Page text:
of crowd behavior,
The crowd is made of
and there is still
no heaven. (12)
In the beginning of the poem, which invokes the blue stiffness of the dead and attributes it to the “crowd behavior” and “mass hysteria,” Armantrout immediately calls to mind both the current political situation and consumer culture. Suggesting through inventive pairings that the aggressive promotion of both products and ideas, namely war, can become both deadly and uncontrollable, the end of Close, like many other poems in the book, generates infinite possible meanings through juxtaposition rather than providing a definitive answer. Finishing with the elusive image of the crowd, which “is made of/little gods/and there is still/no heaven,” Armantrout raises fascinating questions about both the role of religion in such mass hysterias and that of powerful individuals, who ultimately become absorbed in and led by “crowd behavior.” Lyrical and economical, the poems of Next Life evoke both the contemporary and the universal while maintaining their own distinctive stylistic approach.
Armantrout’s depictions of academia in her new book are also striking. Often writing poems in the guise of short fiction and scientific theories, these poems offer shrewd observations on new trends in literature and science through their innovative use of form. Discussing the state of contemporary fiction in a prose poem called ‘Short Story’, as well as parodying the tendency in postmodern works to parody in a series of poems entitled ‘Make it New’, Rae Armantrout’s poems comment on literature and academia while maintaining a balanced perspective and their own sense of stylistic unity. These themes are particularly apparent in ‘Theory of Everything’, in which Rae Armantrout’s use of the poem sequence becomes a vehicle for a discourse on the new physics. She writes, for example:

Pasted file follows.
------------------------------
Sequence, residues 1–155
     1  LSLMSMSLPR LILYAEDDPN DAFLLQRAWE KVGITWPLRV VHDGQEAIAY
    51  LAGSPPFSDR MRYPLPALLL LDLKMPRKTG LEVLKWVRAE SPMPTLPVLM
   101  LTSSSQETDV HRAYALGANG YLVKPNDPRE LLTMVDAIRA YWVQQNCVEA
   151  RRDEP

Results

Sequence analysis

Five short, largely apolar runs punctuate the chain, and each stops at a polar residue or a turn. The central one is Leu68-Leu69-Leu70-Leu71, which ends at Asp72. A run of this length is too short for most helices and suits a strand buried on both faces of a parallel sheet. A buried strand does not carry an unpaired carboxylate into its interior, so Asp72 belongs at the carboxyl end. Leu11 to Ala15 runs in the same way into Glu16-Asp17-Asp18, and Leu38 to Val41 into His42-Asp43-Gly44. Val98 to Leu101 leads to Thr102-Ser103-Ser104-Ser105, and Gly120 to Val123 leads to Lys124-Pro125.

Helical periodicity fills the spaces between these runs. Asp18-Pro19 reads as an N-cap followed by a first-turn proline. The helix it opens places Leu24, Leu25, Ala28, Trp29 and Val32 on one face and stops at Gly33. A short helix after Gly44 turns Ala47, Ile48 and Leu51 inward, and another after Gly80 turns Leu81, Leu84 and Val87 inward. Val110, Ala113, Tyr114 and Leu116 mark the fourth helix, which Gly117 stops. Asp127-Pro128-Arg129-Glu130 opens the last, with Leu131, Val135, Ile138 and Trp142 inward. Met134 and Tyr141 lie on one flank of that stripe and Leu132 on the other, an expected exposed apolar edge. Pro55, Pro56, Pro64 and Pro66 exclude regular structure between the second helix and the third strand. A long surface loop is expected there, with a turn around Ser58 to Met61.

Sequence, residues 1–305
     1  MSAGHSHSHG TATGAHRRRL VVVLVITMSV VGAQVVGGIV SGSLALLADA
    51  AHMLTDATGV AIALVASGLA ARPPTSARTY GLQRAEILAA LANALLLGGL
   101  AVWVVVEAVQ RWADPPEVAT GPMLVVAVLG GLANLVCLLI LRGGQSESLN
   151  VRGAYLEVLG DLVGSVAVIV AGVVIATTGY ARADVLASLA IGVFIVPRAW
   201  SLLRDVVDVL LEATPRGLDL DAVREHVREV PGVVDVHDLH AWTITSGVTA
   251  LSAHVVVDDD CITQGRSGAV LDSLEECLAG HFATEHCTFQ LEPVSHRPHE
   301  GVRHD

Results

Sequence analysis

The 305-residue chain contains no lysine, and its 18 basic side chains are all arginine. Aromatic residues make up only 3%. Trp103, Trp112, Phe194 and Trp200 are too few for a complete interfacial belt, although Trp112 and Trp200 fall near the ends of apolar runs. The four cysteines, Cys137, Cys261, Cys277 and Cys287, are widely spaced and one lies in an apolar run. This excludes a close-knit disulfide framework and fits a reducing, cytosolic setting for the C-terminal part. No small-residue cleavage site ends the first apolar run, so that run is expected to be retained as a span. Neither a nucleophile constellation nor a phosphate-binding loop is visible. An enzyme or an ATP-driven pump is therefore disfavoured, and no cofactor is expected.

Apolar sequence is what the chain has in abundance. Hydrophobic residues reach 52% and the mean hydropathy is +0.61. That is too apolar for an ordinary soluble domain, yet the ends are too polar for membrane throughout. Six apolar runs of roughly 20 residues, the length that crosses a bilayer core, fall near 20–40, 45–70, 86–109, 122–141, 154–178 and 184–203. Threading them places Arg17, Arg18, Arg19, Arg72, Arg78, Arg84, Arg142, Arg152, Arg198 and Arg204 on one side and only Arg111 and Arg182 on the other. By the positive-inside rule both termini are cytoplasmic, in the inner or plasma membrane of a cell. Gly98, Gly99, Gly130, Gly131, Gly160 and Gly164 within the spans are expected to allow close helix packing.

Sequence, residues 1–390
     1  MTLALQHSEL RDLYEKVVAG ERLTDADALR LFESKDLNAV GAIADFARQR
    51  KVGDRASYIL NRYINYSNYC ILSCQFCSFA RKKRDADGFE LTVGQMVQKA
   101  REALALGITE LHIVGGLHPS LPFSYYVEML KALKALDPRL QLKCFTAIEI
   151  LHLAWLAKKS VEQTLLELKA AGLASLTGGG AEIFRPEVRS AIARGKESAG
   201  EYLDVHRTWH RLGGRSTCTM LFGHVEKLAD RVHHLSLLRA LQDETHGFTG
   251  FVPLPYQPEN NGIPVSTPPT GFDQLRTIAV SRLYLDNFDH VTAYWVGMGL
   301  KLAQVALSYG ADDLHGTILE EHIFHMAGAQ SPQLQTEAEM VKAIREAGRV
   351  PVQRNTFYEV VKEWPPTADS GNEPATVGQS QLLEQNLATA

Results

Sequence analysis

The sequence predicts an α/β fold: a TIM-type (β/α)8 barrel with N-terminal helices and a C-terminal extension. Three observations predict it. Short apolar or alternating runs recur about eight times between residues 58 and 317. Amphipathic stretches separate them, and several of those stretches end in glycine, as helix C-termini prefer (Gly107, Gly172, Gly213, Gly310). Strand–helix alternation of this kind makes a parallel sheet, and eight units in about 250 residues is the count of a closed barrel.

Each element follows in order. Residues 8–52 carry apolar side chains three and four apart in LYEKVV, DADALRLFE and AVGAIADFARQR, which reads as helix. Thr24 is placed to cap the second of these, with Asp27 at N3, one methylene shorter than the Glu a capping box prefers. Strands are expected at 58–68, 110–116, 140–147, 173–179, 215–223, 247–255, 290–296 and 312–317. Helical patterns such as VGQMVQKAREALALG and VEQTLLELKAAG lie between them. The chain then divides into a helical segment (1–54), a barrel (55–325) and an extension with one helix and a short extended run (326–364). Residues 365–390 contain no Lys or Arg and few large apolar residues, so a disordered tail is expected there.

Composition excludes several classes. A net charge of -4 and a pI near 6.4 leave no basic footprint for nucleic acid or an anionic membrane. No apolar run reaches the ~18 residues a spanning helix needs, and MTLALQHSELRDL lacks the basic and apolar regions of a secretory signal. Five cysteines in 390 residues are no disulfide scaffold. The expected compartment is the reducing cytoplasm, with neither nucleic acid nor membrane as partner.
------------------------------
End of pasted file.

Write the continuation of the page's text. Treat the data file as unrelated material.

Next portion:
A wide swath
and feathery green,
was no longer playing. (13)
Characteristically spare and finely crafted, Armantrout’s ‘Theory of Everything’ depicts the esoteric nature of contemporary physics through an unexpected metaphor, this passage being only one element of the poem sequence. Paired with images of empty space in other segments of the piece, the author suggests through such motifs that this “wide swath/of baby talk” remains not only devoid of a significant message but lacking an audience. An astute commentary on overly ambitious academic endeavors and the importance of maintaining a connection to the society at large, ‘Theory of Everything’ delivers a unique musicality while making fascinating points about current approaches to academic research and writing.
Rae Armantrout’s Next Life is an erudite, intellectually engaging read. Filled with elusive images, innovative juxtapositions, and substantive questions, this book is ideal for readers of contemporary poetry and cultural commentary alike. All points considered, Armantrout’s new collection is a must-read.
Kristina Marie Darling is a graduate of Washington University in St. Louis. She is the author of four chapbooks, which include Fevers and Clocks (March Street Press, 2006) and The Traffic in Women (Dancing Girl Press, 2006). A Pushcart Prize nominee in 2006, her poems, reviews, and essays have appeared or are forthcoming in Janus Head, Rattle, The Mid-America Poetry Review, Rain Taxi, Redactions: Poetry and Poetics, and other journals.